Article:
California farm workers prepare to march to the Capitol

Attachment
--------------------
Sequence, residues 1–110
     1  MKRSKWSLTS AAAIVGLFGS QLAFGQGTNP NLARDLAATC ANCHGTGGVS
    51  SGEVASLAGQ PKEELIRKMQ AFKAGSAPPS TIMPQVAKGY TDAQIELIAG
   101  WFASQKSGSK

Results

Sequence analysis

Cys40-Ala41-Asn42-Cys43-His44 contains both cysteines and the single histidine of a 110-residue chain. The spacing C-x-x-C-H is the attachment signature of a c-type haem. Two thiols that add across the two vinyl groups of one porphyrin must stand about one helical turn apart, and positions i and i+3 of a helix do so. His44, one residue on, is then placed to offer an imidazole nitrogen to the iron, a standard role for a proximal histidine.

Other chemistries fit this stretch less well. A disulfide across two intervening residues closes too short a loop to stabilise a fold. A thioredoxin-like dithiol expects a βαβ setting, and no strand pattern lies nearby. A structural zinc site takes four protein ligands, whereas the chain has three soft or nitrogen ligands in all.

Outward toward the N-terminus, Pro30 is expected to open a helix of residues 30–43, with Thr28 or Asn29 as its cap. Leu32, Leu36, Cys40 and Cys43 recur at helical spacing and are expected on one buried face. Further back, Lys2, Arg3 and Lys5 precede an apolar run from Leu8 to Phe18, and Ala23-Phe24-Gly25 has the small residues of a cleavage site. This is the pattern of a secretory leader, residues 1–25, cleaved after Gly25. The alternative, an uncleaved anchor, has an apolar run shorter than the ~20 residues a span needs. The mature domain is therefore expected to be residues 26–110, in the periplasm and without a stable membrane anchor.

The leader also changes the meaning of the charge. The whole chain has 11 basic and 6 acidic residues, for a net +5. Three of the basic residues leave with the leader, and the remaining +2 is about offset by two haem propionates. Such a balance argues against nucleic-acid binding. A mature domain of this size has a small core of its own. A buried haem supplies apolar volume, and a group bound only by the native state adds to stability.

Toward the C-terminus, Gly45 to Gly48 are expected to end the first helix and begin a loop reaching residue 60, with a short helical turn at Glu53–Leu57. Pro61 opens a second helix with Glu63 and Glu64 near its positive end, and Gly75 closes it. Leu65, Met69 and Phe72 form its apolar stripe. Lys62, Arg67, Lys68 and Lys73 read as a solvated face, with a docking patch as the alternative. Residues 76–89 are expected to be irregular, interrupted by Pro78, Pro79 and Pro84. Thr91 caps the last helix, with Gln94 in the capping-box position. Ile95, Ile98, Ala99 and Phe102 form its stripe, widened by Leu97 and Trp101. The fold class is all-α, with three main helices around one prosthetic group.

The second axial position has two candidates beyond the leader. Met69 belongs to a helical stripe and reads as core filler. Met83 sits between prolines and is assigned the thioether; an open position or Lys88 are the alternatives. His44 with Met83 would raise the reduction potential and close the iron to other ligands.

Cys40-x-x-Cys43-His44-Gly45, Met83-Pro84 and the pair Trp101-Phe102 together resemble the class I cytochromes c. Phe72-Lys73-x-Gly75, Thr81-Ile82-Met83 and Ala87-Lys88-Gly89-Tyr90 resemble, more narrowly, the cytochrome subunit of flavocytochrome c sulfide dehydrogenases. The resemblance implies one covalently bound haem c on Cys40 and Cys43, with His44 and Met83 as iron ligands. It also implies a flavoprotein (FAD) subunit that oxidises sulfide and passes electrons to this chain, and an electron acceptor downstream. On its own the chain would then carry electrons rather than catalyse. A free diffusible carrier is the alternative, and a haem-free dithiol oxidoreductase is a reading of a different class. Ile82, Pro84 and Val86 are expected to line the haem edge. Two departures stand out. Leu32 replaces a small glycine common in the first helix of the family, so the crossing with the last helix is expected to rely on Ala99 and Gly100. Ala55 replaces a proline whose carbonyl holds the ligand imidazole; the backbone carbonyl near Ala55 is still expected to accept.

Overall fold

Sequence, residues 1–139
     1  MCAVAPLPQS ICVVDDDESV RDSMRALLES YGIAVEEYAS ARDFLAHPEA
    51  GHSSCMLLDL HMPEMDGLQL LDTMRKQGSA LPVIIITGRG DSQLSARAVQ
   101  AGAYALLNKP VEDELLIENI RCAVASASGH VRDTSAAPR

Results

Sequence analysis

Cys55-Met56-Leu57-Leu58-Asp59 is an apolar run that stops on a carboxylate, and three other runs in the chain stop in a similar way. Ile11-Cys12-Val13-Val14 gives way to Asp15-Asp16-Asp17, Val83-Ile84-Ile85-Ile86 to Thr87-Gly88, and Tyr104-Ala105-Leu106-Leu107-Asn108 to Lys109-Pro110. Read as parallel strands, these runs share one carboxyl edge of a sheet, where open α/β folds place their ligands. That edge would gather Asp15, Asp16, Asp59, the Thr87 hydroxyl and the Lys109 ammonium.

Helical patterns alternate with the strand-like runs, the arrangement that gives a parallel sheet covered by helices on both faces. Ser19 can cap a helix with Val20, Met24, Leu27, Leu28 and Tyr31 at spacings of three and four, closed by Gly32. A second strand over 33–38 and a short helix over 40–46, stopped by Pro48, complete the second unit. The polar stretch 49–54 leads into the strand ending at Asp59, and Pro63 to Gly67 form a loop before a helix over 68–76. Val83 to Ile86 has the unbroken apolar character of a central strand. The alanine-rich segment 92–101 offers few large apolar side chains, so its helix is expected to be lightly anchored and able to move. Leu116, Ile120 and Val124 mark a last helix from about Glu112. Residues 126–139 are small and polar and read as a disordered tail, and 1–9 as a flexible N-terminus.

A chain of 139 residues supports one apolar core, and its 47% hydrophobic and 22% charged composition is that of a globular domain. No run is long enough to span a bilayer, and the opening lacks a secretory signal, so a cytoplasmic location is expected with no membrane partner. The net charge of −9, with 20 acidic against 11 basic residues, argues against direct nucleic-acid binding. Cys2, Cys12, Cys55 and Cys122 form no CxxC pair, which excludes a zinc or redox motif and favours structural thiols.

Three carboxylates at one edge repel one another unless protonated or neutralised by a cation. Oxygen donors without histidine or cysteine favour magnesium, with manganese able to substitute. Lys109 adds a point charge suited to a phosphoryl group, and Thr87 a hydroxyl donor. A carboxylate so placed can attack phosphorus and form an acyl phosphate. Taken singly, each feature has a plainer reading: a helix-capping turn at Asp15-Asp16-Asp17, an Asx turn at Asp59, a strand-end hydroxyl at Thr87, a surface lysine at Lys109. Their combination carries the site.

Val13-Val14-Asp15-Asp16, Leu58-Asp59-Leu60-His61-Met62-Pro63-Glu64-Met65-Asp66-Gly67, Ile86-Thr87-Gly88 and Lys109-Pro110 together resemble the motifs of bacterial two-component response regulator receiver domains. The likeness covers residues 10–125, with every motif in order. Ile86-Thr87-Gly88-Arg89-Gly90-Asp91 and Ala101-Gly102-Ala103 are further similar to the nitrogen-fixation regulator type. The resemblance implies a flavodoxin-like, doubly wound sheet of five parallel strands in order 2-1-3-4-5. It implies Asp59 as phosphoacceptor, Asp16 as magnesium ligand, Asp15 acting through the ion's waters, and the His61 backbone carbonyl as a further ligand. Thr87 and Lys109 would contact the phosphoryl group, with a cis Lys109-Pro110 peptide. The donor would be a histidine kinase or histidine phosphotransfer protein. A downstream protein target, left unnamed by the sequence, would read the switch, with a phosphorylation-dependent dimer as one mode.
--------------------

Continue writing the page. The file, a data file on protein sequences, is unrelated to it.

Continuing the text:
California farmworkers completed their 24-day, 335-mile journey across the state to the Capitol in Sacramento on Friday, joined by scores of supporters for the final leg of their advocacy campaign. The group is urging Governor Gavin Newsom to sign Assembly Bill 2183 into law, which would give them more options and protections when voting for union elections. The United Farm Workers Union supports farm workers on their “peregrinación,” or pilgrimage, from Delano in Kern County to the Capitol. It’s similar to the route César Chávez organized in 1966. According to United Farm Workers President Theresa Romero, AB 2183 reflects how California residents elect elected officials. ask someone to help, by asking someone to drop him off if they want, or in person if they want,” Romero said ahead of the final day of the march. | VIDEO HERE- BELOW | UFW President Teresa Romero speaks on Capitol Hill on farmworker rightsGov. Gavin Newsom’s office said Friday it “cannot support” AB 2183 in its current form. However, the governor’s office said negotiations are ongoing and there is still time to reach an agreement for workers to come together and be represented, and it supports changes to state law. to help organize these workers,” said Newsom communications director Erin Mellon. “Our goal is to establish a system for fair elections, requiring employers to follow rules that guarantee access to unions and provide key enforceable protections to ensure a fair election. If employers fail to follow these rules, they would be subject to an organization under a card verification process.” assumption that the government cannot effectively enforce the laws.” “But it can’t be weak language. We need language that truly protects workers’ rights. Just as we want our vote to count — our vote to be protected — so do agricultural workers,” District 24 Senator Maria Elena Durazo said of the Newsom administration’s response to the negotiations. | RELATED | Why Marching California Farm Workers Want the Newsom Government to Sign Union Voting Rights Bill AB 2183 The group of farm workers met Friday morning in Southside Park on Eighth and T streets and were joined by supporters at 10 a.m. for a march to the west side of the Capitol. Óscar González, Farmer When there were recall attempts, I was knocking on doors in Ventura County to vote no in the recall election. said González. | VIDEO BELOW | Dolores Huerta: “We are here to fight back” organizations that have come forward to support this movement. They made a poster in partnership with the UFW for sale at this rally, in support of the “Road to Sacramento” documentary which documented Delano’s trip to Sacramento. campesinos (agricultural workers). It was time. This march has already taken place. It’s so sad that it’s happening again, but a beautiful thing about seeing all these people around is that we don’t give up,” said Kimberly Gudiño, policy and director of programs at Brown Issues.– KCRA 3’s Andrea Flores contributed to this story.